Truth in advertising. I suspect this message to potential subscribers was written by this particular ISP's Director of Operations, not their Marketing Director. And it's all the better for it. [Via Metafilter]
The Web Is Like Canada. Which means it isn't like TV, dammit! [Via NewsTrolls]
Monday 16 October 2000, 23:00 BST
The winners of this year's Darwin Awards have been announced.
Steven Feuerstein has been writing books on Oracle programming for years now, and he got bored with using the same old personnel department example applications to illustrate his programming methodologies. He decided to try using some more radical examples, and got an unexpectedly heated response from some readers. This led him to muse about the hidden ideology of computer textbooks in a column at the O'Reilly Associates web site. [Via NTK]
Boss' Day. One American custom I hope we don't import. [Via Feed]
Winners of the "I look like my dog" contest. No comment required. [Via Memepool]
Sunday 15 October 2000, 22:00 BST
Screenshots. Extraordinarily creepy computer game-style renderings of famous cultural and fictional moments: from Elian Gonzales being rescued by an armed policeman to Fredo's death scene from The Godfather Part II. [Via NTK]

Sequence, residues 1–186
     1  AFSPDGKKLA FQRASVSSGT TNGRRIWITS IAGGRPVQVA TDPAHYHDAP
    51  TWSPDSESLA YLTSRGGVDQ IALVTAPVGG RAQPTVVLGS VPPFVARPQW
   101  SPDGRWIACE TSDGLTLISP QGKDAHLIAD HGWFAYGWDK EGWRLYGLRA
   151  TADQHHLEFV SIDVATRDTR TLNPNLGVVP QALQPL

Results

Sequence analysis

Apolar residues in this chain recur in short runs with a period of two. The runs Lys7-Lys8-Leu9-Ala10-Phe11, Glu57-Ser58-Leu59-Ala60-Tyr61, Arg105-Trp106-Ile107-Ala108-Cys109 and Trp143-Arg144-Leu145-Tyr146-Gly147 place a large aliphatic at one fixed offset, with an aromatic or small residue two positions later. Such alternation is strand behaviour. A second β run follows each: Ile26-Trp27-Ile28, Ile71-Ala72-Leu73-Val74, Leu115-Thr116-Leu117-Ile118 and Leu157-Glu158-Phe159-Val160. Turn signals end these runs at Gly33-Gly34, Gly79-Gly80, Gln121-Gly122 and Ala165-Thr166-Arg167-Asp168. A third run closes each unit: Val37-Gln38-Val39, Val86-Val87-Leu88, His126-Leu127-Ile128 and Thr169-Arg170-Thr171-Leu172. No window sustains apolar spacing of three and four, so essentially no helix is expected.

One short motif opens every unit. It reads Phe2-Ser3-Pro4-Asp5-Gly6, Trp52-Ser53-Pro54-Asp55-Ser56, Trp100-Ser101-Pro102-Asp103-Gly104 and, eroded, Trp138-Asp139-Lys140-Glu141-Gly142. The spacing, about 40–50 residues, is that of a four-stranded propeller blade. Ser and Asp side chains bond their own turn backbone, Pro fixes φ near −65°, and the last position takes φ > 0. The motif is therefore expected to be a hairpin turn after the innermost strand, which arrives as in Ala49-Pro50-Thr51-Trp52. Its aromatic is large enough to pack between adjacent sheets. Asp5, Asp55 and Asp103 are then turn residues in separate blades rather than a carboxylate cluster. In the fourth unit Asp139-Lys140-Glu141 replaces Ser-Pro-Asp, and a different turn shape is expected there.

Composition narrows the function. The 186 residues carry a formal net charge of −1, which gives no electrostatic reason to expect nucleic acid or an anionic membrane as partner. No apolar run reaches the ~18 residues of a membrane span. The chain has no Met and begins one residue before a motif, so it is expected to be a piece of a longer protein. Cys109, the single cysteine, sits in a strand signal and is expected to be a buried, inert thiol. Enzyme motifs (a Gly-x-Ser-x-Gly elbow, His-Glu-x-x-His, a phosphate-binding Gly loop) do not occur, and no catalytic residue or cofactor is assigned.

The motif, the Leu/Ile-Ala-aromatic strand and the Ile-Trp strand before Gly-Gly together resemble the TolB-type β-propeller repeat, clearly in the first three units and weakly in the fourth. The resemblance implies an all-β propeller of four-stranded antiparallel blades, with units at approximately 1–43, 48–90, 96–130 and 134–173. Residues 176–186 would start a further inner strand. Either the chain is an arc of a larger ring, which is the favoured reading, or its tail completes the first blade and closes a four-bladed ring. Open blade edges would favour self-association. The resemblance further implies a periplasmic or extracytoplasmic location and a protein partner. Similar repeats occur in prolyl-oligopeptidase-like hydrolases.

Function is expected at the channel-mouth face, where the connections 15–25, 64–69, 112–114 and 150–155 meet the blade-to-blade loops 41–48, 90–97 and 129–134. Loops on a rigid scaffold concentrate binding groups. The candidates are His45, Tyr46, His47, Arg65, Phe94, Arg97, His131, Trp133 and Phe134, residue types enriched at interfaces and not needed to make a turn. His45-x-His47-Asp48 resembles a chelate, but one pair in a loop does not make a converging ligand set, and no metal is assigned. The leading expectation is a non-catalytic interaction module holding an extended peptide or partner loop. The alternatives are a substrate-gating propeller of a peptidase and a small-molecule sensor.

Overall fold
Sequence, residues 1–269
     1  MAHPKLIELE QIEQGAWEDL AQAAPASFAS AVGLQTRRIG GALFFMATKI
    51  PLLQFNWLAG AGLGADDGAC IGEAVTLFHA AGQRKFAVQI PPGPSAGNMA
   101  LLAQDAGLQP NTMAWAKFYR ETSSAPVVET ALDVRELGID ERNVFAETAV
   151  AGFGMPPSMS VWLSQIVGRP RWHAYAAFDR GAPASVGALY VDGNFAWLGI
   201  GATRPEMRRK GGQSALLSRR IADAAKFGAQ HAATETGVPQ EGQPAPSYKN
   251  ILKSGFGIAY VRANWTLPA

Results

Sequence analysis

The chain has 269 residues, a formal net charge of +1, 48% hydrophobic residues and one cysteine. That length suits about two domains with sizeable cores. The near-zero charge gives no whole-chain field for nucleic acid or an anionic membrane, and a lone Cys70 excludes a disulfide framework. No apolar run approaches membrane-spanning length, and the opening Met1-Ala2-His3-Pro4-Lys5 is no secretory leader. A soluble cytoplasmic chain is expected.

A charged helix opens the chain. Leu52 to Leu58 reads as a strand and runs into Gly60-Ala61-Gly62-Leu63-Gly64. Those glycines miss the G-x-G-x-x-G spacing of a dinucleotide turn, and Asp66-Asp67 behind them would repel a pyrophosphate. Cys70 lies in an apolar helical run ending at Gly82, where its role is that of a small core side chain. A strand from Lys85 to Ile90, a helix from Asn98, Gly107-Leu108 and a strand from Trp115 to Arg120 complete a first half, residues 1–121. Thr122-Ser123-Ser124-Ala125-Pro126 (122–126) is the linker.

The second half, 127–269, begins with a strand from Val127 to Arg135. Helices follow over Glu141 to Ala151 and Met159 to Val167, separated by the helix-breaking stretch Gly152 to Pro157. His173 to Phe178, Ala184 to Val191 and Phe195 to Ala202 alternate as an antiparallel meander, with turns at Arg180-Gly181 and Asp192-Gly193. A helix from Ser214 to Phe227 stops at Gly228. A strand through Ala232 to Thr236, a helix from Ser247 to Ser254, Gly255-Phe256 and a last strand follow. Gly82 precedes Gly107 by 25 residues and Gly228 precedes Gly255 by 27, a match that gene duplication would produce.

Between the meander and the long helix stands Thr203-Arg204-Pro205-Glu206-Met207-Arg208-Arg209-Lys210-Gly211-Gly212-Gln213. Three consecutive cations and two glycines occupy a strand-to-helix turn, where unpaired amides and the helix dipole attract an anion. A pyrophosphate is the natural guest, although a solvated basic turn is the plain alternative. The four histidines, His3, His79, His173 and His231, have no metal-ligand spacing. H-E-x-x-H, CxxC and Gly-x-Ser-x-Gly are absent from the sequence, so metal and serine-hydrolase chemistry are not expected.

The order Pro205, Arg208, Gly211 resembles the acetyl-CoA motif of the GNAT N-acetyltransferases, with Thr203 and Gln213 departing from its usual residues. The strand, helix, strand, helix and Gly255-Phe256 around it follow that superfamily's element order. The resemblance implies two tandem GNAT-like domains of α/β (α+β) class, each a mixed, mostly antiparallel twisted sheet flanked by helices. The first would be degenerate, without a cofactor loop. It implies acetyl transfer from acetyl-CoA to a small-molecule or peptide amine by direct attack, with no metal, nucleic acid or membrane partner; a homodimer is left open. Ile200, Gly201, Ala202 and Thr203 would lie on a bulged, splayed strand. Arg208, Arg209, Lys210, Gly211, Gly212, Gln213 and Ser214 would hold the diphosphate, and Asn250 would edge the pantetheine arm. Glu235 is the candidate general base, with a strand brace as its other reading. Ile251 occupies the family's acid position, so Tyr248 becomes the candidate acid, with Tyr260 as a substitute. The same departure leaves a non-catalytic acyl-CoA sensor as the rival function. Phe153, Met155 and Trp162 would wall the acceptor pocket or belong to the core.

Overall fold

A very wonderful rant by Dan Hon in response to a recent Slashdot article by Jon Katz which concluded that what the US school system really needs is to buy lots and lots of computers to release the potential of America's elementary and middle school pupils.
The Evil Dead done with Lego. Cool. [Via NTK]
The Register paints a gloomy picture of the high stakes debate over making software patents legal in Europe. Clearly not a good idea, but since the multinationals which hope to make a lot of money out of forcing small businesses to pay licensing fees are backing the idea expect much strife before a decision is made.
I mentioned the ICANN election results the other day, and commented that the idea of equal representation for the different regions regardless of the number of internet users at present was a good idea. Kendall Clark read about the election result at Cluebot.com, and got really upset at the implications of their coverage of the story. Trouble is, I think he reads far more into the Cluebot.com story than there actually is there. Rejecting the notion that regional representation on the ICANN Board is one thing, but I saw nothing in the Cluebot.com article to suggest that the objection was grounded in racism.